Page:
Common name: Crocodile
Scientific name: Crocodylus
Distribution: Australia, Asia, and Africa
Crocodiles have been around for 240 million years. They play a vital role in keeping waterways clean and healthy for many other species.
Crocodiles have highly developed vision, hearing and sense of smell especially, allowing them to probe their surroundings. These cold blooded reptiles rely on the external environment to regulate their body temperature. This involves moving in and out of water, basking on land, shade seeking and mouth gaping. Their behaviour is subtle – although they spend large amounts of time motionless, they are often alert watching their environment.
There are 13 different crocodile species. The world’s smallest crocodile is the dwarf crocodile which lives in the rainforests of West and Central Africa. The dwarf crocodile rarely grows to more than 2 meters in length and weighs around 18–32kg.
Saltwater crocodiles are the largest species and the largest living reptile. Some other common names for the saltwater crocodile are: Estuarine Crocodile or Saltie.
Large male saltwater crocodiles are known to defend their territory and females are protective of their nest and hatchlings. On average, adult males range from 4.3 to 4.9m in length and weigh 408 to 522kg, but can reach up to 7m and weight over 1000kg. Females are much smaller, rarely growing to over 3m in length.
In the wild, Saltwater crocodiles can live for more than 70 years. The species' distribution in Australia ranges from Rockhampton in Queensland throughout coastal Northern Territory to near Broome in Western Australia. An estimated 100,000 saltwater crocodiles live in the Northern Territory.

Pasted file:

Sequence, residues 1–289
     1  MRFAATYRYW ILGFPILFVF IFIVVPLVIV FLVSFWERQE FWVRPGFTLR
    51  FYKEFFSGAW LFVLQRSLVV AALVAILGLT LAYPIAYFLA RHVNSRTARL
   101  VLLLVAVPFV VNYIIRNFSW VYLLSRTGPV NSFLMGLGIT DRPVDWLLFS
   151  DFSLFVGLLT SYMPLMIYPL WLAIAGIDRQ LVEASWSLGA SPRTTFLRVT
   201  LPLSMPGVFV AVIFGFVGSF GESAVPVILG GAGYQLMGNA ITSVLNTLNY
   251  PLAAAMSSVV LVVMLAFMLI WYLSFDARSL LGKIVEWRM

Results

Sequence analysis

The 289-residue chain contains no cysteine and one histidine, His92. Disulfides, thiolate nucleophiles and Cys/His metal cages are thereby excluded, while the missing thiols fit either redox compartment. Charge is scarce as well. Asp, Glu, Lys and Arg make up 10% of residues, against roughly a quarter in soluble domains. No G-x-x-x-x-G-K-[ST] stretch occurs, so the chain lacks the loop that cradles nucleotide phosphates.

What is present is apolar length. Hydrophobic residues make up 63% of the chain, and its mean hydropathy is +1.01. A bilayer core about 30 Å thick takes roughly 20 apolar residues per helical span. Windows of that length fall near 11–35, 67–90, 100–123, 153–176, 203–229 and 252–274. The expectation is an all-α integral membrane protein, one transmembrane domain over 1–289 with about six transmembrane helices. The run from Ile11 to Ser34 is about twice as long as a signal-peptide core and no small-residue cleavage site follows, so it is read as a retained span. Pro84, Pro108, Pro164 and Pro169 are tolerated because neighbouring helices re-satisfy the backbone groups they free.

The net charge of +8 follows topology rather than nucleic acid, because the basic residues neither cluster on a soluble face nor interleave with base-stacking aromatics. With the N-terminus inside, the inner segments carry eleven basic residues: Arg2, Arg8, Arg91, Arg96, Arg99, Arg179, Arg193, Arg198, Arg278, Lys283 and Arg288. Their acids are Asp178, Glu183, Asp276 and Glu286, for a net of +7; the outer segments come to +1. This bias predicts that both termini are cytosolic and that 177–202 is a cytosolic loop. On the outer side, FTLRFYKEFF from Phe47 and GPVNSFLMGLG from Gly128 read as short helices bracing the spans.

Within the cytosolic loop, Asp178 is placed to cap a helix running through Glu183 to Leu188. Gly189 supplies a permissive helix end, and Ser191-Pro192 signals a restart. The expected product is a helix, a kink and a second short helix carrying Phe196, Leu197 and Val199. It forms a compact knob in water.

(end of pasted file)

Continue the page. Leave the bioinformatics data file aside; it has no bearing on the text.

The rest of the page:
Saltwater crocodiles mostly eat fish, but will eat almost anything that they can overpower which can include turtles, goannas, snakes, birds, cattle, buffalo, wild boar and mud crabs. Hatchlings and juvenile crocodiles feed on insects, crustaceans, small reptiles, frogs and small fish. Their extremely powerful jaws are responsible for creating the strongest bite in the animal world.
What is the crocodile skin trade and why is it cruel?
Some crocodile species are endangered and are protected in many parts of the world. This is because during the 20th century demand for crocodile skin products – mostly bags and shoes – meant that crocodiles, including the Orinoco, Siamese and saltwater, were nearly hunted to extinction.
Unfortunately, today’s protected status does not stop crocodiles worldwide from being cruelly treated through the wildlife trade. They are poached and killed for their skins and meat, and some species – like the saltwater, Nile and Siamese crocodiles are inhumanely and intensively farmed for their skins and meat.
Each year, tens of thousands of saltwater crocodiles are farmed and killed in Australia. Mostly in the Northern Territory and Queensland, all to be turned into non-essential, luxury handbags, belts and wallets. They are truly victims of fashion.
Crocodiles are sentient beings who experience pain and pleasure. To keep them confined in small plastic-lined concrete enclosures for years before cruelly slaughtering them for non-essential fashion items is cruel.
In the wild, crocodiles inflict serious injuries on each other and most adults are battle-scarred. On farms, their interactions must be severely limited so their skins remain undamaged by bites and scars. For the last year of their life on farms they are kept in solitary enclosures.
In many countries, crocodiles are electrocuted to immobilise them before travel or slaughter. The charge is given on the back of the neck for 4-6 seconds through a pole with a set of metal prongs on the end.
The trade and farming of wild animals creates the risk of future pandemics. While crocodile farming doesn’t pose a known zoonotic disease risk, the industry helps to validate wildlife farming in general and undermines the Australian government’s ability to call for an end to the global wildlife trade.